Apple proudly announces that its latest and best Mac models come with a T2 security chip, but what does it do? And, more importantly, does a T2 chip create more problems than it solves?
What is a T2 security chip?
The T2 is Apple’s second generation “security chip”. It combines several hardware controllers into a piece of custom silicon. These chips are common in smartphones for a while. However, the T2 is not only there for security reasons, it can also make a big difference in terms of overall performance.
So why do we call a security chip? The main reason is that the T2 is responsible for a secure start. It validates the entire startup process, from the second you press the power button until the moment your macOS desktop is displayed on the screen. In short, it verifies that the boot loader and the operating system are signed and approved by Apple, and that only approved drives are used to launch your operating system.
This prevents unsigned software from running at startup, which can be a problem if you occasionally boot to Linux. However, this is also how the chip protects your system; it prevents a third party from starting an unsigned operating system and trying to access your data.
T2 is also responsible for all encryption on the disk. Previously, this was handled by the CPU. By moving the process to a custom chip, performance is improved at all levels, as this gives more resources to the processor.
Both MacBook Pro and MacBook Air are equipped with Touch ID fingerprint scanners to log in and approve administrator-level requests. The T2 chip houses the secure enclave in which your fingerprint data can be safely stored. All verification requests, even those for third-party applications, are fully processed by the chip.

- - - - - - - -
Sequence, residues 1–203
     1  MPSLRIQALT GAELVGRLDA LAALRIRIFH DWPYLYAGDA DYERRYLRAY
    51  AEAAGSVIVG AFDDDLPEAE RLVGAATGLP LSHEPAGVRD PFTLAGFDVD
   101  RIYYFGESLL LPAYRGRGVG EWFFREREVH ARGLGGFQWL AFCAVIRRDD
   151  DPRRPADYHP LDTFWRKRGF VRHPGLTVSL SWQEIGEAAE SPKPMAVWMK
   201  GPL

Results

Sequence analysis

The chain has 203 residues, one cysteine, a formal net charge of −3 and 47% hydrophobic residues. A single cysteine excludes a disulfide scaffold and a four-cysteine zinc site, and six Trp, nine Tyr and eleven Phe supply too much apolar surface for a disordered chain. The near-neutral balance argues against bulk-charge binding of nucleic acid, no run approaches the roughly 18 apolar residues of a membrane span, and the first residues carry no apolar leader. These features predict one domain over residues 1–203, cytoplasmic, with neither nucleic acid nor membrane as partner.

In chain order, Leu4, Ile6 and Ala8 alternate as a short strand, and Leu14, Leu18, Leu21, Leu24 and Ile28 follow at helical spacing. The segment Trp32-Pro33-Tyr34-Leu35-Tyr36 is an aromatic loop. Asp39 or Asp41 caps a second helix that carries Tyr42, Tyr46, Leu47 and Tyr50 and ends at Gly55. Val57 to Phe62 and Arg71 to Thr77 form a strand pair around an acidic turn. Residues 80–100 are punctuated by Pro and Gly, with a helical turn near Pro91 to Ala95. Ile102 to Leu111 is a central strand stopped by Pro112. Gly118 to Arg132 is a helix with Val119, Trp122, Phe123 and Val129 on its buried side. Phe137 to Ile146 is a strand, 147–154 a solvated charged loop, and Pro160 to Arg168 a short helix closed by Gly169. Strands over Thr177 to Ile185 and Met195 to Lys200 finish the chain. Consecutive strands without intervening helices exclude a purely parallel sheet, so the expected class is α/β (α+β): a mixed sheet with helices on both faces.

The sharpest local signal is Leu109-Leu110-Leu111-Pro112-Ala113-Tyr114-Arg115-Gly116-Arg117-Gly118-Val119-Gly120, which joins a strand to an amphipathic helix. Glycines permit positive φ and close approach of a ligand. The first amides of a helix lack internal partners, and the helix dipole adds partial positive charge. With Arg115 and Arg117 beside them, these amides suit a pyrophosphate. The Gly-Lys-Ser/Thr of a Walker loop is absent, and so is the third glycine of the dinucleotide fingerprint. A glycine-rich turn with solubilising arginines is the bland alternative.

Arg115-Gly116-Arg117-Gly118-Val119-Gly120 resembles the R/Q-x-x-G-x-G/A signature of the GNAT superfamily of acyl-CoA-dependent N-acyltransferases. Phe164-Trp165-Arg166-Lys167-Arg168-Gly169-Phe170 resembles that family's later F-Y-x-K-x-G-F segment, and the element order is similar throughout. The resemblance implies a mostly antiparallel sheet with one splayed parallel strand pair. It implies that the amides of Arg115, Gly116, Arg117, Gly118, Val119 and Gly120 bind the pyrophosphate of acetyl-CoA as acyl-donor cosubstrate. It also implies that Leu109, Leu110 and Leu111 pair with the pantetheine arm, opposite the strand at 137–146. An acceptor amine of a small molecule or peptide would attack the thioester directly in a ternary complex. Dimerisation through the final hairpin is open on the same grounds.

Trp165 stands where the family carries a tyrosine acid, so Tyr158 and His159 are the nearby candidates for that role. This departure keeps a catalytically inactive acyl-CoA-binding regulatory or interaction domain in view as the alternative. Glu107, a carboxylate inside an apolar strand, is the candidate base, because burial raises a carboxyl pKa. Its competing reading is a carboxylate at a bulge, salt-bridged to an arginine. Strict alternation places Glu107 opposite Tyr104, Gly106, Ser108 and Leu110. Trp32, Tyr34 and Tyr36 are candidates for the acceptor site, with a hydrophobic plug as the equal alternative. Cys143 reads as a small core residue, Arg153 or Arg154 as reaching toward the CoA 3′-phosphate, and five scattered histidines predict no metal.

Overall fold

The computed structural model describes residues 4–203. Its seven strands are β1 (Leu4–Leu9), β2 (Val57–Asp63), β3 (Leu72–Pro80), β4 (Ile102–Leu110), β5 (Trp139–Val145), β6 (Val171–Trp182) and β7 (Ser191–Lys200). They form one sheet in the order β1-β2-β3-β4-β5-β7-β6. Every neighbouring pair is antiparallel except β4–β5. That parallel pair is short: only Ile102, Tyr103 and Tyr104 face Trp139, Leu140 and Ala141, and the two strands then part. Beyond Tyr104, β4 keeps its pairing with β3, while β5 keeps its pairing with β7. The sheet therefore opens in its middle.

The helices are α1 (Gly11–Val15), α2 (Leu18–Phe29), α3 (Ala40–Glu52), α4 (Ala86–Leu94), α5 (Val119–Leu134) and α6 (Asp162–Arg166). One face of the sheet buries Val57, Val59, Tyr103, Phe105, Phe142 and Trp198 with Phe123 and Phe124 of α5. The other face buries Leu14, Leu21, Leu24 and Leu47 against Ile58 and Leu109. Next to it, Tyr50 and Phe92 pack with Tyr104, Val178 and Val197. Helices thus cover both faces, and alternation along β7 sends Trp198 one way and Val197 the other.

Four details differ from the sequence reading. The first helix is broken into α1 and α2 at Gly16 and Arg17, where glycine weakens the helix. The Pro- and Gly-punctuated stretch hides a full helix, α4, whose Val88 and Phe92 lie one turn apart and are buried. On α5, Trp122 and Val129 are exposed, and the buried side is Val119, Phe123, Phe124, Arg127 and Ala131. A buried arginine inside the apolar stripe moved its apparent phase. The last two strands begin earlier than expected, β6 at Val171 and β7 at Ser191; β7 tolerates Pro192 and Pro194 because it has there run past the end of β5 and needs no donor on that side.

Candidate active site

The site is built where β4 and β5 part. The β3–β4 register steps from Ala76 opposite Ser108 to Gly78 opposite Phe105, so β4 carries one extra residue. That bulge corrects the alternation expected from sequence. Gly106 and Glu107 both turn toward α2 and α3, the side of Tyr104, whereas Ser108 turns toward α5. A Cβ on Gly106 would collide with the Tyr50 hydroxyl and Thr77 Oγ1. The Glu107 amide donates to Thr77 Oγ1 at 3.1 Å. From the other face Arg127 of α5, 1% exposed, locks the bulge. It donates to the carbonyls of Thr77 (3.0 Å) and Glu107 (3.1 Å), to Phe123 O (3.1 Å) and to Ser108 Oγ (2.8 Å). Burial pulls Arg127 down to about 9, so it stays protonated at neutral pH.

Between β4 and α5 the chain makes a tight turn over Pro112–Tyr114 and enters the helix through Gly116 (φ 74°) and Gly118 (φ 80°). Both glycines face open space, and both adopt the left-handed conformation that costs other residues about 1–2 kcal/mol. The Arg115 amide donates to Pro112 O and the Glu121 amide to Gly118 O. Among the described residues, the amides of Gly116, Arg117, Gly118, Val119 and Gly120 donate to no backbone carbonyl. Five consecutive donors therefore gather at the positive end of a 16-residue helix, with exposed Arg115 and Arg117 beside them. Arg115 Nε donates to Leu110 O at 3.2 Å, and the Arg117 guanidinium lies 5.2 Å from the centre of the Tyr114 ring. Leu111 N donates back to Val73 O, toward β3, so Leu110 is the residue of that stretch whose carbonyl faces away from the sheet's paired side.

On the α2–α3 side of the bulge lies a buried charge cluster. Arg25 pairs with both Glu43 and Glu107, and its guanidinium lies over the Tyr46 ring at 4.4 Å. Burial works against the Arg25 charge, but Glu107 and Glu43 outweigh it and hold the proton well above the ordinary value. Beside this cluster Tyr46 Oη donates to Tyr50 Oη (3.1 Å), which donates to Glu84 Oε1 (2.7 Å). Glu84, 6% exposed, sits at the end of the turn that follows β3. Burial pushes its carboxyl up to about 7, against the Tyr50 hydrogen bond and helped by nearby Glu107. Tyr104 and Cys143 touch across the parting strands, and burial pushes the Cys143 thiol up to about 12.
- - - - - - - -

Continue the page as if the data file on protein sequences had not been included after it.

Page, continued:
This means that apps never see or never have access to fingerprint data, this is how Face and Touch ID is managed on the iPhone and iPad. The software first requests verification and the T2 chip verifies the fingerprint against that stored in the secure enclave. The software is then informed of the result.
What else does the security chip do?
While its primary function is rooted in device security and encryption, the T2 also does a few other things. For example, it supports the System Management Controller feature found on older Macs. This controller manages behaviors related to power, battery and load, fan speed and internal sensors.
Apple has also entrusted audio processing tasks to the T2 chip, promising an increase in sound quality at all levels. The latest MacBook Pro sounds great, but the T2’s contribution to that is debatable. It handles both audio input and output and automatically closes your MacBook microphone when you close the cover.
The T2 is also an image signal processor, which converts the raw data received by a camera into the image you see on the screen. Apple promises “improved tone mapping, improved exposure control and automatic exposure and white balance based on face detection,” as does the iPhone.